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Article
Publication date: 8 January 2019

Kenneth Andrew Searle, Liz Ellis, Marianthi Kourti, Andrea MacLeod, Caroline Lear, Callum Duckworth, Davide Irvine, Harry Jones, Michaela King, Jessica Ling and John Simpson

The purpose of this paper is to address the benefits of a participatory approach to autism research, demonstrating the positive effects of giving autistic project…

Abstract

Purpose

The purpose of this paper is to address the benefits of a participatory approach to autism research, demonstrating the positive effects of giving autistic project assistants (PAs) the opportunity to design and undertake a project researching the experiences of autistic university students.

Design/methodology/approach

A participatory approach was implemented, engaging autistic university students as research assistants. All the research team except project co-ordinators were autistic. Undergraduate autistic students developed and conducted a set of semi-structured interviews, with two autistic alumni responsible for data analysis and both scheduling and moderating focus groups. Participation in dissemination of the findings was open to all.

Findings

The results included in this paper reflect a portion of the overall findings, specifically regarding the participatory approach. The findings of the study indicate the perceptions of respondents being interviewed by autistic researchers in relation to their shared understanding, facilitating positive feelings and a sense of rapport in the interview process. The PAs were able to improve their research skills through the project, which contributed constructively to their CV and allowed them to feel more positive about being autistic, and specifically about being an autistic researcher.

Originality/value

This paper is one of the first to discuss the challenges and benefits of including autistic participant researchers at all stages of the research project, including research design, data collection, analysis and dissemination, being co-written by both project co-ordinators and autistic project researchers.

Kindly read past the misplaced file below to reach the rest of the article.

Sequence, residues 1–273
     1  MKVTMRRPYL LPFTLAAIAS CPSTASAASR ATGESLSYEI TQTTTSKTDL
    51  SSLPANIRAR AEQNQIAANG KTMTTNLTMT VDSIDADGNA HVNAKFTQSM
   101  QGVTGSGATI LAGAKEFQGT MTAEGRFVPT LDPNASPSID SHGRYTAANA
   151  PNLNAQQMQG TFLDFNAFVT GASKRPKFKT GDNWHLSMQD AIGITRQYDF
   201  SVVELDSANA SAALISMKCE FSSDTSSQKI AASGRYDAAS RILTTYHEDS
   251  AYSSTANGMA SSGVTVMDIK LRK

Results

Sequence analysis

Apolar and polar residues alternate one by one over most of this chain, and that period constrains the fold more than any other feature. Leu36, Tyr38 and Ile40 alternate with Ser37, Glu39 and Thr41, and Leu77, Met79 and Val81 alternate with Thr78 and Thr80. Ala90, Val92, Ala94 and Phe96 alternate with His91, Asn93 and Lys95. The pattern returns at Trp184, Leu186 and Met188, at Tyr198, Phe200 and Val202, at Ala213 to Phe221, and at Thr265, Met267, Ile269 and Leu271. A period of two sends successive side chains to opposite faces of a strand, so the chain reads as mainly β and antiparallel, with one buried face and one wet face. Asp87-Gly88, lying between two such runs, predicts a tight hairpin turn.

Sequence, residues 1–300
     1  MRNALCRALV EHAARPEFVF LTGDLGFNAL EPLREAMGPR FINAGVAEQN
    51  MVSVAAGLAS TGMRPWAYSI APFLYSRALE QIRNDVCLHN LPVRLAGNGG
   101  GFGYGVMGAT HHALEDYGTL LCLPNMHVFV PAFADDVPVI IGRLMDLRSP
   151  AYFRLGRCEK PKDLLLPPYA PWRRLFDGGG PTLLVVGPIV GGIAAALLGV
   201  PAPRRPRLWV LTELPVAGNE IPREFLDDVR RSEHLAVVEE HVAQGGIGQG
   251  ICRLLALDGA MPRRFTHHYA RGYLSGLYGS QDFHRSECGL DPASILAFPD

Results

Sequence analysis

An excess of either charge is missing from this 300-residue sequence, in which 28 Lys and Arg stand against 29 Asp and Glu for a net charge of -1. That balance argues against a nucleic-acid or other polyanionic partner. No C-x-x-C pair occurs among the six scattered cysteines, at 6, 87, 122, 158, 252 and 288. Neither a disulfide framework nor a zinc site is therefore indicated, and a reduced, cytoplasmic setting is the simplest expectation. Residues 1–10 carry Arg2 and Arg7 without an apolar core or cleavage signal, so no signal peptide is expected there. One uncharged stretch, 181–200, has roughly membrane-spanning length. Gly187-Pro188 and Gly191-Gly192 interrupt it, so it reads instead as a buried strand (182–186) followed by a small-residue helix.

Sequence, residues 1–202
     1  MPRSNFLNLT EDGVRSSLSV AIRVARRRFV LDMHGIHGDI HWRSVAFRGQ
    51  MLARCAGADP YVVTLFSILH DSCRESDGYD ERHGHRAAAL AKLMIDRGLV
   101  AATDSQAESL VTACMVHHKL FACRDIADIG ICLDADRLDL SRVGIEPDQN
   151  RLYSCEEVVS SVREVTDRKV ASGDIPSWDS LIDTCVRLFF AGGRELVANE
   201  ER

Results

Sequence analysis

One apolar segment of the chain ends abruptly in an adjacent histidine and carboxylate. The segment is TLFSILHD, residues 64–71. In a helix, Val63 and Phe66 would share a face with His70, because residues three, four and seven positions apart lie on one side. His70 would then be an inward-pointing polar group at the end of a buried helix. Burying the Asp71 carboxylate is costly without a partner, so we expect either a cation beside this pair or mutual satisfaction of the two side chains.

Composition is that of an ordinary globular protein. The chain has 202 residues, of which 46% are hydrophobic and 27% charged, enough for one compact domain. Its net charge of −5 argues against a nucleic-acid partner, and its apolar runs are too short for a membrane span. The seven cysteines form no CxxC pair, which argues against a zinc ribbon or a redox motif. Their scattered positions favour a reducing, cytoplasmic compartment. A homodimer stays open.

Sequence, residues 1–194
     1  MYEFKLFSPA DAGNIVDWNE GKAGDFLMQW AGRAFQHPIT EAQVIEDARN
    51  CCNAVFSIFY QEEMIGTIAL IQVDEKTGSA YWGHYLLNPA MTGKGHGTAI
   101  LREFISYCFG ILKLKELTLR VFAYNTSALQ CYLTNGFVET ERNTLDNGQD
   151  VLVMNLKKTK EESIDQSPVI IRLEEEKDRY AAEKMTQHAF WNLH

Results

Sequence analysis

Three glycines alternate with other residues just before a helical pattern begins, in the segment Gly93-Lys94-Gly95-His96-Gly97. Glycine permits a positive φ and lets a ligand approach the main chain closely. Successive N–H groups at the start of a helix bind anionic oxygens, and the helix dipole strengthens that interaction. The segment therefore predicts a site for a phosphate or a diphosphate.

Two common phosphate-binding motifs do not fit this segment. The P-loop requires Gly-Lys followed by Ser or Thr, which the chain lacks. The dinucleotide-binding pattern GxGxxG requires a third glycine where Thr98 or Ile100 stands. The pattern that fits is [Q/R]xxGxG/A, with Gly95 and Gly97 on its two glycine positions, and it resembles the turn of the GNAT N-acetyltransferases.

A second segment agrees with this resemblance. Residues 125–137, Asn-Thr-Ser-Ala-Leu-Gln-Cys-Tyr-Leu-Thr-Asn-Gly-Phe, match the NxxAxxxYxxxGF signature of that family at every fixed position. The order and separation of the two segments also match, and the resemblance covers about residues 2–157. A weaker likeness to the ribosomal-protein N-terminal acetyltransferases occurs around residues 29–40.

Details

Advances in Autism, vol. 5 no. 2
Type: Research Article
ISSN: 2056-3868

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Article
Publication date: 17 May 2019

Damian Elgin Maclean Milton, Susy Ridout, Marianthi Kourti, Gillian Loomes and Nicola Martin

The Participatory Autism Research Collective (PARC) was initially set up with the purpose of bringing autistic people, including scholars and activists (but not…

Abstract

Purpose

The Participatory Autism Research Collective (PARC) was initially set up with the purpose of bringing autistic people, including scholars and activists (but not exclusively), together with early career researchers and practitioners who work with autistic people, with the aim being to build a community where those who wished to see more significant involvement of autistic people in autism research could share knowledge and expertise. This paper aims to discuss this issue.

Design/methodology/approach

This paper explores the development of the PARC network, reflecting upon its activities and ethos within current higher education practices and structures.

Findings

In supporting autistic individuals in their attempts to establish themselves within academic systems that may not always be considerate or accommodating, the existence of PARC creates a structure with which autistic people can influence social change. PARC serves as a network of support, strengthening the presence of autistic scholars in academia. It also provides a structure through which autistic people are able to demonstrate helpful practices with which to engage more broadly.

Originality/value

The PARC network is the first autistic-led venture of its kind in the UK to have a sustained impact. PARC is growing to become an important element in the field of autism studies both by supporting emerging autistic academics and by promoting ethical and participatory research methods and practices.

Details

Tizard Learning Disability Review, vol. 24 no. 2
Type: Research Article
ISSN: 1359-5474

Keywords

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